Abuja — TWENTY million Nigerian youths are unemployed and are a security threat, the Federal Government has warned.
The Minister of Youths and Social Development Mr. Bolaji Abdullahi in a presentation to the Senate Committee on Youths and Women Affairs yesterday also lamented what he described as the negligible return on the annual N43 billion expended on the National Youth Service Corps (NYSC) scheme.
The Minister at an interactive session also revealed that security had become a primary consideration in the deployment of corps members even as he disclosed plans to redirect the scheme towards national priority areas as agriculture, education, rural health and infrastructure.
Abdulahi told the Senator Helen Eseune led committee that the unemployment figure estimated at 41.6% was about the highest in the world noting that the lack of employment opportunities coupled with a sense of hopelessness make the youth susceptible to violence, crime, and terrorism.
Abdulahi told the Senators that besides the medium- to long-term impact on national productivity that the high rate of unemployment portends real and present danger to the sanctity of the country. He asserted that the figure in Nigeria was well above the 25% average rate for North Africa and the Middle East which have been rocked by civil unrest largely spearheaded by unemployed youths in those regions.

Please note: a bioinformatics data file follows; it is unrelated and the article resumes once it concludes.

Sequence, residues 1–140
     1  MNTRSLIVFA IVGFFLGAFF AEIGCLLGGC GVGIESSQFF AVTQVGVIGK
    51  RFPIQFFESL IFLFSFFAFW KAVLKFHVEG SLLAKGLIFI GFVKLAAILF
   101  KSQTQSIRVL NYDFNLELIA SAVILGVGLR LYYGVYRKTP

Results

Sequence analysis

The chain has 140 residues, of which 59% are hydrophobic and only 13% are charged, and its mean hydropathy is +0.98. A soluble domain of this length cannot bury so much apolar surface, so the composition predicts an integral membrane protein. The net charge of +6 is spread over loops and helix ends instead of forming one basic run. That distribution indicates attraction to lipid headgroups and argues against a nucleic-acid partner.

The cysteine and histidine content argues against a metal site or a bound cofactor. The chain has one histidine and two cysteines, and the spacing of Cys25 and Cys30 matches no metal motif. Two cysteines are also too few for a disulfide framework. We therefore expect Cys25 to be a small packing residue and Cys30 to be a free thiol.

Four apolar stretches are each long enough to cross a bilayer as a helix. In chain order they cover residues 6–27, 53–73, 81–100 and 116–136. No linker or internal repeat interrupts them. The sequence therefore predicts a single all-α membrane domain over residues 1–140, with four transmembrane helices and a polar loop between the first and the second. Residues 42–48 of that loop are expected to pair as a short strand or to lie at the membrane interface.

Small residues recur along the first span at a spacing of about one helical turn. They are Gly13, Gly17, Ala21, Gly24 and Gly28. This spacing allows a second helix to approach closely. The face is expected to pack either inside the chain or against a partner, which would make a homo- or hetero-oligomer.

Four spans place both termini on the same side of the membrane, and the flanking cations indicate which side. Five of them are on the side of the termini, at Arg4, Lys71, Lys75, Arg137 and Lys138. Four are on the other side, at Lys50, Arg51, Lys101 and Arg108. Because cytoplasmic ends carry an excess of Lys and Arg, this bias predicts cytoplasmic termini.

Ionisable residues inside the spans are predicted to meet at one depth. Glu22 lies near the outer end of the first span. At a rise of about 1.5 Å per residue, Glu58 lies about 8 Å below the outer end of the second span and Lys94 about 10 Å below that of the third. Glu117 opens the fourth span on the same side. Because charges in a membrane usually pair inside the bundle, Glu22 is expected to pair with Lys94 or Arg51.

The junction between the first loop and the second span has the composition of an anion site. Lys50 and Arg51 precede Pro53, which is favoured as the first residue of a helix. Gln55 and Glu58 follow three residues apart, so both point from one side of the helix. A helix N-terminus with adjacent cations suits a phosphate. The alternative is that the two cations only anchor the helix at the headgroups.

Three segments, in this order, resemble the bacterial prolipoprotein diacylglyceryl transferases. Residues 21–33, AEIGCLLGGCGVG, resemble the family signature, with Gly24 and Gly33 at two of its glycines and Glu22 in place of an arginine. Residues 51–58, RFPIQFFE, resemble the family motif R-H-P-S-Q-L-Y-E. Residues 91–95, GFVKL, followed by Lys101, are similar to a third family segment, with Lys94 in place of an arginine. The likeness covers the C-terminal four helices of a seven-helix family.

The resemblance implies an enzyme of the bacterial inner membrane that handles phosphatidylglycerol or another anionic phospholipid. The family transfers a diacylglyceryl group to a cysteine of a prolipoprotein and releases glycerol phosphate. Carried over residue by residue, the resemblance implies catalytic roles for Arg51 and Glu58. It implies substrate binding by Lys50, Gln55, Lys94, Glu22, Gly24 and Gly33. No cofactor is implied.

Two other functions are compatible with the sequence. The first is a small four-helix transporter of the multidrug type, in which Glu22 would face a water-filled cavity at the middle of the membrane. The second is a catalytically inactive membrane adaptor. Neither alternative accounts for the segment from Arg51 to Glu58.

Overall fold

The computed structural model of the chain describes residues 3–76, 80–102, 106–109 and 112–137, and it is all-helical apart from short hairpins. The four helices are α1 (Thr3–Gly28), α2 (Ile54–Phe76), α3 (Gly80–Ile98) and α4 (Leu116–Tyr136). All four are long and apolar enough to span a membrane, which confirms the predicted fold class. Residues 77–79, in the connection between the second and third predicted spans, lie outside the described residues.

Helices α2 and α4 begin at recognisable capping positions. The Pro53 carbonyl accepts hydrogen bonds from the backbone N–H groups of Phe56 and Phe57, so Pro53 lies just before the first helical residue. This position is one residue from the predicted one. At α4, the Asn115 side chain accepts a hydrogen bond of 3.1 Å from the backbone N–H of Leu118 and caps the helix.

He said: "there are clear intimations of this already, given the role of the youths in the 2011 post-election violence and the increasing incidence of religious extremism typified by the Boko Haram menace. But there is even a danger of escalation, at a high political, economic, social and security cost to our country."
The Minister who noted that there were developmental initiatives across various sectors and tiers of government aimed primarily to address the problem of unemployment in Nigeria, however, regretted that the efforts were hardly visible.
"Unfortunately, most of these initiatives fall short in terms of scope and scale. All put together, current interventions in the public, private and non-profit sector reach fewer than 100, 000 youth per year (out of more than 20 million unemployed youths).
"In addition, the subsisting initiatives are limited by not being youth-specific, by poor collaboration and cooperation across the sectors, by outdated and theoretical training models, and by distance from the grassroots."
Speaking on the NYSC programme, the Minister who disclosed that plans were on to reposition it, stressed that the focus of the service would now be on national priority such as Agric, Education, Rural health and infrastructure, adding that the greatest challenge facing the NYSC was that it was no longer possible to send corps members to states without first putting in mind, the issue of security.